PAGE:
Amplifying Circular Economy in Our Appliance Work
What is the Environmental Footprint of an Appliance?
Understanding circularity and circular economy (CE) principles is vital to grasp the total environmental impact of the appliances we use every day. As stewards of appliance energy efficiency, CLASP’s mission to ensure appliances are veritably beneficial to people and the planet includes all stages of the appliance lifecycle.
CE principles have the potential to substantially reduce emissions associated with the production and end-of-life, as well as when appliances are in-use. The international CE movement is still relatively new – one-third of the Nationally Determined Contributions submitted in 2021 included mentions of “circular economy” – CLASP is working to influence budding CE programs and nudge other governments in a similar direction.
Strengthening Appliance Circularity in the EU
In 2016, CLASP published a study on the GHG savings potential from applying circular economy principles to a range of products and appliances covered by the EU Ecodesign directive.
“Our research showed that by simply extending the service life of several categories of appliances, the planet would experience significant CO₂ reductions,” said lead author Marie Baton of CLASP Europe.
Applying circular economy principles to product regulation can extend and expand our CO₂ mitigation efforts, covering the whole product’s lifetime, from raw material extraction and production through to transport, use and end-of-life.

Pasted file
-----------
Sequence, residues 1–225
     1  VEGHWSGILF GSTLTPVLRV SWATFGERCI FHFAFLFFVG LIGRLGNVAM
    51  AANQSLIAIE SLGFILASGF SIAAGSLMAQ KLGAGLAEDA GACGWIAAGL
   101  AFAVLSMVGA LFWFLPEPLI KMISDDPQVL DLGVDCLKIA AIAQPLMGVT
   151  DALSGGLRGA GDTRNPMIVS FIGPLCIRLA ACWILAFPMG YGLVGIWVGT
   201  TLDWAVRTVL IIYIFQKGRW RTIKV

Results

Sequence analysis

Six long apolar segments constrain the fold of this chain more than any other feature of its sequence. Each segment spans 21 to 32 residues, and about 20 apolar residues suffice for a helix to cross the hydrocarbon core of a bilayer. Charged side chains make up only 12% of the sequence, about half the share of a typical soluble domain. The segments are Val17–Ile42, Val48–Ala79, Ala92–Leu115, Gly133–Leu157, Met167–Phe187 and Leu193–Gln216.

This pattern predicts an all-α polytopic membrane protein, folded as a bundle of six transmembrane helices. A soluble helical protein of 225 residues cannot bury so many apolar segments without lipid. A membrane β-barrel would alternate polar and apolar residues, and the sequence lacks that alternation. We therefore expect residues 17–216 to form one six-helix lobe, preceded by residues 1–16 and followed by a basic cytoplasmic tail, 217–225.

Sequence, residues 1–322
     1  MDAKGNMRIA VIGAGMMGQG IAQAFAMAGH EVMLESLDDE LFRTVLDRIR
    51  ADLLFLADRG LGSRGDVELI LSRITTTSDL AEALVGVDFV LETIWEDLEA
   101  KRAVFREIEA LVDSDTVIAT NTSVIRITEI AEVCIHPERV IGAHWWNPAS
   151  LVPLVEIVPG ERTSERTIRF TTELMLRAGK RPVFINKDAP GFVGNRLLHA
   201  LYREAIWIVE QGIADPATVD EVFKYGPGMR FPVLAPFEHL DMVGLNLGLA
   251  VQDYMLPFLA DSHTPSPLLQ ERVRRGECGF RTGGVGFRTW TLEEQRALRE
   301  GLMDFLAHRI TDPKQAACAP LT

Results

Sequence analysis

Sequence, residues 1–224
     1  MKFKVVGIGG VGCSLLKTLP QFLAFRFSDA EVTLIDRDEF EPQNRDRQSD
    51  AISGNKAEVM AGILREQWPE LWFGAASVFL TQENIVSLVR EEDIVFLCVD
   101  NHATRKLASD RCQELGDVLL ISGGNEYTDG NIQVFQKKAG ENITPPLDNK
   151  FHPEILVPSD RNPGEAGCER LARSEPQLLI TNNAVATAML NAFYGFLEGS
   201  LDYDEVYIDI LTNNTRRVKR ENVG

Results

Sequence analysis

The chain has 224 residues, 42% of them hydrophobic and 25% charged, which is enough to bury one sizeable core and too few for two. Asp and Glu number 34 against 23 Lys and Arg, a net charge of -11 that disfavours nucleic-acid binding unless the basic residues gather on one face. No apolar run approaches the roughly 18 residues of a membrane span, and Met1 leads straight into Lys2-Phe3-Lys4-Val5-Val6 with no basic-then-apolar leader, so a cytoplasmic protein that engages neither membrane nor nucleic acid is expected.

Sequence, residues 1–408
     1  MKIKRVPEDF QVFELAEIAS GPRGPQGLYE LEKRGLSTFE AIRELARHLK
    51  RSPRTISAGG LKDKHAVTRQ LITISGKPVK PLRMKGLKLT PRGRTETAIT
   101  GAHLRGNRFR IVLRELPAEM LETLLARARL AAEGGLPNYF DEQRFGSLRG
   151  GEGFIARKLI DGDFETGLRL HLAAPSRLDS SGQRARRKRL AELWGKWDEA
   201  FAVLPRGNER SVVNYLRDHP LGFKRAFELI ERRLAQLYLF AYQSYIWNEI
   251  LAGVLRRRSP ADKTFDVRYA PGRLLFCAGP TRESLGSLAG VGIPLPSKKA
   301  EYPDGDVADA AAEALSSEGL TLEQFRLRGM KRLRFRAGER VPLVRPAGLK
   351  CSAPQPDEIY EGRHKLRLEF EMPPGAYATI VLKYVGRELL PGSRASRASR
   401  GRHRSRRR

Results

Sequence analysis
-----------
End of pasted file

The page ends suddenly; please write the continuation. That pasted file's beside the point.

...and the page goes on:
Prolonging the service life of widely owned and highly used consumer electronics (e.g., laptops, smartphones, televisions, etc.) could potentially prevent 57,991 kg of CO₂. While the EU recently implemented a ‘Right to Repair’ plan for smartphones, more progress is needed to cover a wider range of household appliances to reach ambitious climate targets. The researchers recommended further investigation on the economic consequences and opportunities to strengthen legislative infrastructure that would incentivize CE transition programs.
Earlier this year, the EU updated their Ecodesign framework to include more product categories and increase efficiency requirements for currently regulated energy-related products. CLASP participated in the consultations for these revisions, which go beyond energy efficiency and may cover product durability, reusability, upgradability and reparability; presence of substances that inhibit circularity; energy and resource efficiency; recycled content; carbon and environmental footprint.
Building Capacity for E-Waste Management in Africa
Off-grid solar technologies provide life-changing access to modern energy services. Yet, unmitigated e-waste generation and insufficient treatment capacity threatens to reverse gains made within the sector. In 2019, CLASP through the Efficiency for Access Coalition, launched the Global LEAP Awards Solar E-Waste Challenge to address e-waste logistical and infrastructure challenges in sub-Saharan Africa.